The island of Basilan interestingly has two major cities. There’s Isabela de Basilan, now the center of commerce and trade. Then there’s, Lamitan, the government seat of Basilan province. In 2017, the provincial capital was transferred from Isabela de Basilan to Lamitan City as it is formally part of the Bangsamoro Autonomous Region in Muslim Mindanao (BARMM). In terms of tourism, one of the main highlight for a visit in this city is to learn more about the Yakan tribe, one of the first original inhabitants of the island of Basilan.
I experienced Basilan and it was a splendor of sumptuous seafood and flavorful halal dishes, uncrowded natural wonders and a melting pot of culture from people brimming with hope and promise. I think more than a decade a apart since my first visit was enough to see how Basilan has changed. I’m not here to erase the stigma that has attached to the province (as in with any other places) but to highlight the other side which not many people have seen yet. If you’re willing and have an open mind, a couple of cities in Basilan, namely Isabela de Basilan and Lamitan, are ripe and ready for tourism.
Zamboanga: Yakan people and their weaving
When I last visited Zamboanga en route to Tawi-Tawi, I had a chance again to visit the Yakan Village in Upper Calarian, Zamboanga. The village is located just across the popular La Vista del Mar resort which can be reached by a jeep or a tricycle around 30-45 minutes from the city center of Zamboanga. Nothing much has changed since my last visit in 2007. The place still holds various yakan weaving souvenirs which is a famous draw both for local and foreign tourist.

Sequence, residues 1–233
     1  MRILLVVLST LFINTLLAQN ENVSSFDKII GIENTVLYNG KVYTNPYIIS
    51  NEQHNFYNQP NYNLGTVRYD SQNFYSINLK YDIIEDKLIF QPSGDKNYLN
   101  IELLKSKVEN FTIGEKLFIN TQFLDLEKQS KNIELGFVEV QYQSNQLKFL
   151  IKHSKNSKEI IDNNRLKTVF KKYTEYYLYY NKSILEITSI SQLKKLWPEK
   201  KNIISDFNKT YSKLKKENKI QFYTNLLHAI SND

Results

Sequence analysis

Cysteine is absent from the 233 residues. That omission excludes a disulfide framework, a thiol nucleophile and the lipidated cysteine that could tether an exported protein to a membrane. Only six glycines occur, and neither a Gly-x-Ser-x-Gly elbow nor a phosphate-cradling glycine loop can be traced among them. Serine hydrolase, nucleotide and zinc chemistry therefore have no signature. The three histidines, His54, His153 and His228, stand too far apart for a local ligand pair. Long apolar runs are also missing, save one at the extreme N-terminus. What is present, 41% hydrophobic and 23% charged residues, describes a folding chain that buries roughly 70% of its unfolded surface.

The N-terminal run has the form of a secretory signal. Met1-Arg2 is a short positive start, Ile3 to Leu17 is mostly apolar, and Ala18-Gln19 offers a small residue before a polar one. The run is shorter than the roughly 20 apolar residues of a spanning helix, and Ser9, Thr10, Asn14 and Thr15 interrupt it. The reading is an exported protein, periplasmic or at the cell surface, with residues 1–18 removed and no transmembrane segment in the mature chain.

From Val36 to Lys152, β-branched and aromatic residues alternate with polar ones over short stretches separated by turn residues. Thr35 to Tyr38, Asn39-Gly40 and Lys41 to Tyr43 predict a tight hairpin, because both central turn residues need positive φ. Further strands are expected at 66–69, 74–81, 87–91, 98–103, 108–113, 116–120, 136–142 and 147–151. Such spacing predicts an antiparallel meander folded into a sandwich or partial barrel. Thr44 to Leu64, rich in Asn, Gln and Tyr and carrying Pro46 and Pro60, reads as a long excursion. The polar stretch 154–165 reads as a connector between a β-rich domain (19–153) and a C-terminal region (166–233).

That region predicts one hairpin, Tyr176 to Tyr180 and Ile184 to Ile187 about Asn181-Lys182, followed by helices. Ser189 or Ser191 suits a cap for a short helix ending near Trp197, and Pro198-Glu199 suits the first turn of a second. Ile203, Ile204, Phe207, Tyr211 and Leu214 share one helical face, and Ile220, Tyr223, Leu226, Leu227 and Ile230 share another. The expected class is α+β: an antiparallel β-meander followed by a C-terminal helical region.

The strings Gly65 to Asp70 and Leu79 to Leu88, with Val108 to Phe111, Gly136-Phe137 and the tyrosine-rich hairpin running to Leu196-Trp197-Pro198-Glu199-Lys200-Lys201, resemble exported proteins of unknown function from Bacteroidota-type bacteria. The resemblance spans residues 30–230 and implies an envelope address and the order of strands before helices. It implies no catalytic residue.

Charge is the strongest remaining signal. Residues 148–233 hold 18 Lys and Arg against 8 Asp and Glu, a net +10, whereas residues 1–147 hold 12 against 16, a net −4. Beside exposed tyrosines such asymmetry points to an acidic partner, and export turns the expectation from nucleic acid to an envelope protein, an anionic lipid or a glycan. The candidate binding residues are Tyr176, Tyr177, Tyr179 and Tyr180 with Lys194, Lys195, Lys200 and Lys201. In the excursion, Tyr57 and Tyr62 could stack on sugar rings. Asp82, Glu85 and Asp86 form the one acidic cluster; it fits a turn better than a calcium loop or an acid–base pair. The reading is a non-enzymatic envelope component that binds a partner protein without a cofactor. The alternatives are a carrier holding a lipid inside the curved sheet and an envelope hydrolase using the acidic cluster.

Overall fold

A Yakan weaver doing her magic
It’s sad what Basilan had come to in recent days. In truth, there is more to the island than its wars. Basilan is home to the Yakan Tribes, also known as one of the finest weavers in our country. They have also become a victim of war, thus many of them have to move to neighboring areas of the Zamboanga Peninsula and abandon their homes in Basilan.